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Why Dressing Well Could Get You Better Service in Restaurants

A new study from hospitality researchers at the University of Missouri says that waitstaff give more attentive service to diners wearing nice clothes.
Photo via Flickr user Jens karlsson

Restaurant service can make or break a meal out. The food might be faultless but if the waitress is determined not to make eye contact or the waiter acts like they'd rather be trapped at Fyre Festival than clearing your table, it can make you wish you'd stayed at home and got takeout.

But hospitality management professors from the University of Missouri may have found a way to ensure attentive, polite service every time you eat out. (And not just by not acting like a dick.) According to the professors, getting service with a smile could all come down to wearing polished shoes and a snappy jacket.


In a new study, published last week in Cornell Hospitality Quarterly, Missouri researchers found that diners who are well-dressed are more likely to receive good service from restaurant waitstaff. The findings show that waiters perceive restaurant guests who have made an effort with their clothing to be more generous tippers. And better tips lead to a better quality of service.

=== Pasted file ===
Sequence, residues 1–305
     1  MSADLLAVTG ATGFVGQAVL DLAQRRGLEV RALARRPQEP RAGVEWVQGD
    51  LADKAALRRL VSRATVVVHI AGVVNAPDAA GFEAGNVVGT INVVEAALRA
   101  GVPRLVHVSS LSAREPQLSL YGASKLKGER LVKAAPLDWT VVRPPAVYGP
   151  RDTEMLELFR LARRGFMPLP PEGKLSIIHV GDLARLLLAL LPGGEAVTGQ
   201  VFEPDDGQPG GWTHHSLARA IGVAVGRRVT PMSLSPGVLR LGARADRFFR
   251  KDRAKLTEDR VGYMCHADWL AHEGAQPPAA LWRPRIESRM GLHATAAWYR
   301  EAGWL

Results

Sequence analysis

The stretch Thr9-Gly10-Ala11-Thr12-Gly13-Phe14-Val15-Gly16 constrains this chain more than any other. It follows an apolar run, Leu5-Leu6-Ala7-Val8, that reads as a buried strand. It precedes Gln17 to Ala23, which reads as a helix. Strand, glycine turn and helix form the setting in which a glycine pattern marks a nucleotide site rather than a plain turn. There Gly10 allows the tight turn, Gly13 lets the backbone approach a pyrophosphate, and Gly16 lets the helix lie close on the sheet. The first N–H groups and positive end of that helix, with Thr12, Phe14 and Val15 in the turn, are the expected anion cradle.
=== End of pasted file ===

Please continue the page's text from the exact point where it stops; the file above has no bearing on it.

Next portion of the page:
The study saw researchers from Missouri's College of Agriculture, Food, and Natural Resources survey 222 current and former restaurant waiters. They were shown pictures of people of different races, genders, and dress and then asked who they thought would leave good and bad tips. The results showed that a customer's race did not significantly affect servers' perception of whether they'd tip well.

Commenting in a press release, Dae-Young Kim, lead author of the study and associate hospitality management professor at Missouri, said that waiters stereotype customers based on first impressions to work out where best to devote their time for more reward.

He said: "For servers, especially busy servers, they often have to make decisions about how to best devote their time and energy, so they look for ways to identify which customers will reward them the most for their service. The more professionally dressed a customer is, the more likely a server is to stereotype them as a good tipper, regardless of their race or gender."

But Kim did add that the study may be specific to American tipping culture: "The [American] tipping culture can motivate servers to provide quality service to some customers, it may result in unequal service for others."

Still, dressing well could be worth a try in British restaurants—if only to justify that payday ASOS binge.